Preferences and obstacles for the design of biodiverse private gardens

Biological diversity, that is, the diversity of habitats, species, and their genetic diversity, continues to decline in Germany. Insects in particular are affected by species extinction. This goes hand in hand with a loss of plant diversity and makes living conditions more difficult for birds and other animals.

Private gardens can play an important role in counteracting the loss of this diversity, as they cover almost two percent of Germany’s total area. Particularly in urban areas, they provide important stepping stone biotopes for the migration and dispersal of many species.

The ecological potential of private gardens is far from exhausted. For example, there is often a lack of native plants that provide food for birds and insects or small habitat structures. In addition, pesticides and sealed surfaces make living conditions more difficult for microorganisms, animals and plants.

The project “gARTENreich – Preferences and obstacles for the design of biodiverse private gardens” is dedicated to the scientific and practical question of how biodiversity in private gardens can be increased in harmony with the usage needs of garden owners.

In an inter- and transdisciplinary research design, the project partners are investigating the contribution of private gardens to the protection and promotion of biodiversity.

In each of the two participating municipalities, the city of Gütersloh and the municipality of Aumühle, a three-part series of workshops (‘the living labs’) will be held in order to develop, implement and finally evaluate needs-oriented ideas for the design of habitats in the gardens together with the participants. In addition to the workshops in our project gardens, a photo competition will be held in both municipalities. By participating and observing plants and animals, the aim is to raise awareness of biodiversity.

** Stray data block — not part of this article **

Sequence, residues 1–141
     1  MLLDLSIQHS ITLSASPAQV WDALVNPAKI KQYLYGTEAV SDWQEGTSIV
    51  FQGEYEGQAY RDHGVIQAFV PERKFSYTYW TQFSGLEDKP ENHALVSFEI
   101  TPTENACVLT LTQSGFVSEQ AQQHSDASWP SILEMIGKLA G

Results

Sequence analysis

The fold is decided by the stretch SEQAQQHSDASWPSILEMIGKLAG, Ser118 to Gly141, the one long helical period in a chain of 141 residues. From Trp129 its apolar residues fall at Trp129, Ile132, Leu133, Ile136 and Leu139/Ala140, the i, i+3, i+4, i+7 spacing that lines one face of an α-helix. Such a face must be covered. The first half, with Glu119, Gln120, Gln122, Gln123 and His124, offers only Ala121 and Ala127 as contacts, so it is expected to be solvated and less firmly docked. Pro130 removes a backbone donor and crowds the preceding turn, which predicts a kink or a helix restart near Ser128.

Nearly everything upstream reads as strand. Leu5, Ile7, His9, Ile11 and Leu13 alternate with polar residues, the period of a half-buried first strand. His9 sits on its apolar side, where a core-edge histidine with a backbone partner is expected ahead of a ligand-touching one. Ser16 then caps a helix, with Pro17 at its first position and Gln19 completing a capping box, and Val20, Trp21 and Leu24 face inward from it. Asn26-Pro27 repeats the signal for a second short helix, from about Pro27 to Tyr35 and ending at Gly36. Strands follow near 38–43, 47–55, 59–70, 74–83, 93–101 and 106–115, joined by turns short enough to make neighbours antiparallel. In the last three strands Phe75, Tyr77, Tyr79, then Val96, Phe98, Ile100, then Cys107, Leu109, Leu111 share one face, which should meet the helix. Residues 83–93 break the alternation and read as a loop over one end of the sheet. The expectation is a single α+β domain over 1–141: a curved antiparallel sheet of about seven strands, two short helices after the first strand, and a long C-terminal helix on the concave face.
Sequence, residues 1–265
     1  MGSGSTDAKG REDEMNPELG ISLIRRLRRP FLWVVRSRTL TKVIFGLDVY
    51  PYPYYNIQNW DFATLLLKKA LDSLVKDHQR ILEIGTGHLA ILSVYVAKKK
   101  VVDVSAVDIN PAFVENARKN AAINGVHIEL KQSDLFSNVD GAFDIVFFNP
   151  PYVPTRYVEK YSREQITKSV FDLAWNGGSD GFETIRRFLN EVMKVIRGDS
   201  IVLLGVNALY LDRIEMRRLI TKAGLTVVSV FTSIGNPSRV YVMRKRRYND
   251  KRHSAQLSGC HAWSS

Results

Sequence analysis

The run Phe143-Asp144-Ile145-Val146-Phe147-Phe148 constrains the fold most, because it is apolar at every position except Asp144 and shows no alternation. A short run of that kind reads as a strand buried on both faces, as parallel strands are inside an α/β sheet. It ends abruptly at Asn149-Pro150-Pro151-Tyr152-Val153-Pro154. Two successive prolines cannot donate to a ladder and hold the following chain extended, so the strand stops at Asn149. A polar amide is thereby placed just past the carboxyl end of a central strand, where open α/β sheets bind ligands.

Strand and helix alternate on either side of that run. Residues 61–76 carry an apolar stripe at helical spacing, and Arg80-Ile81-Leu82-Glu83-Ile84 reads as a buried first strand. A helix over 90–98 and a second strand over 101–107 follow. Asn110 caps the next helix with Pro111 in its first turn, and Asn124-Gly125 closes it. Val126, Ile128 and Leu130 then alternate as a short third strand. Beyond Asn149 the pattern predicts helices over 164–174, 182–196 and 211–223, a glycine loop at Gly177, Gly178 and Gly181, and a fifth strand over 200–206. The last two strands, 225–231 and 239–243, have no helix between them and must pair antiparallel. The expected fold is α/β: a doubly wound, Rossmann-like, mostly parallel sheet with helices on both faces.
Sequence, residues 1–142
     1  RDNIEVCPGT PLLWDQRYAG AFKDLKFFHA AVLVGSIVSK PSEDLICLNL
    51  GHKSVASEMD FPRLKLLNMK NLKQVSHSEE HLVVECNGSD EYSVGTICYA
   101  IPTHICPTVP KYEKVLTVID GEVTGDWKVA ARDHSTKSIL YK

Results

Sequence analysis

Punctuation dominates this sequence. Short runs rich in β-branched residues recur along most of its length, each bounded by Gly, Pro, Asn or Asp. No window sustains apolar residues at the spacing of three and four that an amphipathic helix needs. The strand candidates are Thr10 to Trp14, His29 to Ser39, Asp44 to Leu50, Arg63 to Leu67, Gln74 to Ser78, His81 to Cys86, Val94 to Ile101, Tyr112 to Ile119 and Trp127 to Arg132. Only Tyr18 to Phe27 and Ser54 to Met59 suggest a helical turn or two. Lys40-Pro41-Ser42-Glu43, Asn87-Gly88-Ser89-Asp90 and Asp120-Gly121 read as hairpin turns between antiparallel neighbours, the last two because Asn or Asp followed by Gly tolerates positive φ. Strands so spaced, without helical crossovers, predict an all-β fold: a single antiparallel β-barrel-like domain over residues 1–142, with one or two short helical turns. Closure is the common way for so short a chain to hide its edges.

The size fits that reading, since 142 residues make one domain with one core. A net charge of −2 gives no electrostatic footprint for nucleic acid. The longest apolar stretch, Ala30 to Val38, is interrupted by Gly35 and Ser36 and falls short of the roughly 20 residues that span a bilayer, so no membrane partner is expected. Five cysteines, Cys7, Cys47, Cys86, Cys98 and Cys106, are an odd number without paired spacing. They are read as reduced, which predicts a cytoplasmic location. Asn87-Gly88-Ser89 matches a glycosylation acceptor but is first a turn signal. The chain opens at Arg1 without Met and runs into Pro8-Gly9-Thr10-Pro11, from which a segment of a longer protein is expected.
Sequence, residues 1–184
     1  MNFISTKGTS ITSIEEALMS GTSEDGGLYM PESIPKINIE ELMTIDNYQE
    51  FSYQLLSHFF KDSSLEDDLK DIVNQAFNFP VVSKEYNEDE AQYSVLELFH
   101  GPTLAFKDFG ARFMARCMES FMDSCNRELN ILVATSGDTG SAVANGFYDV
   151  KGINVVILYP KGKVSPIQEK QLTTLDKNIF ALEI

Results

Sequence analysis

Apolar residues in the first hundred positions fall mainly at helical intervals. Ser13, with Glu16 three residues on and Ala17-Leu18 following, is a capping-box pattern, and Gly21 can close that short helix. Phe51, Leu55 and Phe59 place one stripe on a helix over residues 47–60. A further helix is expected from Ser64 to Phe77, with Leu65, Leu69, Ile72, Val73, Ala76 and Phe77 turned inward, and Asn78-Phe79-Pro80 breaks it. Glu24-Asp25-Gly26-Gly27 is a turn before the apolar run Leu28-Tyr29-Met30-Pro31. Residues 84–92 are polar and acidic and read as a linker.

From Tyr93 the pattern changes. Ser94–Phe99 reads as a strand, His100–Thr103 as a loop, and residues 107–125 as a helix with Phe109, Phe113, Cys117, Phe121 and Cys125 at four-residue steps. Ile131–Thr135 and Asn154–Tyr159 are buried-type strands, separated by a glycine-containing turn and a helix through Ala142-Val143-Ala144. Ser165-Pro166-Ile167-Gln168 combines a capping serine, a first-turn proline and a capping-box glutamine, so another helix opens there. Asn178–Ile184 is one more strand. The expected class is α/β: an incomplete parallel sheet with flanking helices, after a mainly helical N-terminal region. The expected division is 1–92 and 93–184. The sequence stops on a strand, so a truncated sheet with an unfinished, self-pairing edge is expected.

At the same time, inhibiting and promoting factors will be analyzed as determinants of garden design at the local level and national levels. Building on the results from the living labs, a nationwide survey of garden owners and two national online communities will be conducted.

A spatial survey of structural and species diversity is being carried out in selected private gardens. To this end, the extent to which existing indicators are suitable for estimating biodiversity in private gardens will be investigated. Subsequently, the possibility of spatial scalability of the results obtained by these methods will be analyzed. Finally, starting points for increasing biodiversity in gardens will be developed.

Based on the results of the social- and natural science studies, an impact assessment of measures and funding instruments for the national level, that is, an upscaling of the results, will also be carried out. The results will lead to strategies, communication, and implementation approaches including funding instruments for more diversity in private gardens. To this end, the findings will be summarized and processed into target group-specific communication materials. Among other things, a toolbox will be developed that will be made available to municipal stakeholders.

The three-year gARTENreich project started in November 2021. The project partners are the Institute for Ecological Economy Research (IÖW), Friedrich Schiller University Jena, the Berlin School of Economics and Law, NABU (Nature and Biodiversity Conservation Union Germany) e.V., NaturGarten e.V., the city of Gütersloh and the municipality of Aumühle.

Project lead: Alexandra Dehnhardt
Alexandra Dehnhardt is deputy research leader of “Environmental Economics and Environmental Policy”, and coordinator of “Water and Land Management” at the Institute for Ecological Economic Research (IÖW). Her research focuses on economic assessment of natural resources and ecosystem services as well as the economic and institutional analysis of environmental policies.

Institut für ökologische Wirtschaftsforschung
Potsdamer Str. 105
10785 Berlin

Das Projekt im Interview (content in German)

gARTENreich – „Vielfältige Gärten sind lebendig“

Der Schutz der Biodiversität gehört zu den globalen Herausforderungen unserer Zeit. Das eigene Verhalten spielt dabei eine ebenso wichtige Rolle wie Schutzprogramme oder Gesetze. Wie man als Privatperson mit dem eigenen Garten einen wichtigen Beitrag zum Schutz der Biodiversität leisten kann, berichtet Dr. Alexandra Dehnhardt vom Institut für ökologische Wirtschaftsforschung (IÖW), Berlin und Projektleiterin von gARTENreich.

Zum Interview auf der FONA-Seite.